Online Vet Puts Pets on Display with Live Video Program
U.K. veterinarian Joe Inglis always thought that a vet's office provided interesting material. Recently, he put that idea to the test.
After Inglis launched his own pet food company, called Vet's Kitchen, he hit on a novel method of marketing his practice. He put a glass wall on one exam room and turned his office into a video production studio. Thanks to one new staff member who wears many hats (camera operator, director, producer, editor, and more) Inglis records interesting events from his office to share with online viewers. Once a week, he and a pet behaviorist host a live one-hour advice show. Selected patients and their owners drop by for the show, appearing on-camera while Inglis discusses their cases.
The program is called "Vet's Klinic," and it shows that today, every company can be a media company. Despite appearances, Inglis didn't invest much in his studio, and he's only added one staff member to run it. He's learned much during the months that his Wednesday live show has been in production and has upgraded some equipment, yet he's still managed to keep costs down.
The synergy between the pet food and the online show is natural, since people who buy pet food typically love real-life pet stories.
"The challenge is to get that out to people in a watchable kind of way," said Inglis.
Speaking at the Streaming Media Europe 2012 conference in London, Inglis explained how he created his show, as well as an entirely online support system. All patient booking is done through a browser using a custom web app, and registered patients can log on to see their pet's records. If a pet has to stay overnight, Inglis's staff posts pictures and videos for that owner to see. The entire system was built in three months. Pet videos can be used for the weekly show, if the case is novel.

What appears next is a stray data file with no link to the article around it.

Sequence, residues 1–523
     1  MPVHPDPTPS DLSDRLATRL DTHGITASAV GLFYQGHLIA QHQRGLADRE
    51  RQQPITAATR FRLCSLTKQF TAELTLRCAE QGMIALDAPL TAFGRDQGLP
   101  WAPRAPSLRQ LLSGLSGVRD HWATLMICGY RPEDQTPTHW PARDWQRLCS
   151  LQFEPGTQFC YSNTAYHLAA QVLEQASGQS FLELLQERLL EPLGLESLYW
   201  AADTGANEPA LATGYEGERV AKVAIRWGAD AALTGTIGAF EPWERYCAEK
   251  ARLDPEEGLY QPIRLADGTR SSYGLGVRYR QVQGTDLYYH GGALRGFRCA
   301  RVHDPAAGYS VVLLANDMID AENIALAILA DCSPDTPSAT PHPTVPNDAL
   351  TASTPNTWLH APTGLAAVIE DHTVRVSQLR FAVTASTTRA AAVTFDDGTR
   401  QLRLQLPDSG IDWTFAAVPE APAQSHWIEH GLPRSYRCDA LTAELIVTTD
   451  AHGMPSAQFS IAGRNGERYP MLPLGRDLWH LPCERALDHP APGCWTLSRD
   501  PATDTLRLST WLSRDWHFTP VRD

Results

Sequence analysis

After comparing the options, Inglis chose Telestream Wirecast software to produce his shows, since it offers easy setup, can be run by only a few people, and allows his producer to create video clips with little effort. Inglis works with Groovy Gecko for distribution, streaming to both desktop and mobile viewers.
All shows get saved and loaded into a video-on-demand library, which currently has around 35 clips. Shows are also broken into smaller segments and uploaded to a YouTube channel. Live shows get a few hundred viewers, but recorded shows grow to 800 to 900 views. Inglis expects viewing numbers to grow dramatically when his Facebook video app is finished next month.
For companies that want to get into video but aren't sure where to start, the message is clear: blaze your own trail. Rather than looking at what types of video have succeeded for other companies, look at what you have available and think how you can create video from it. If what you create is interesting and well made, an audience will find you.
Troy Dreier's article first appeared on OnlineVideo.net
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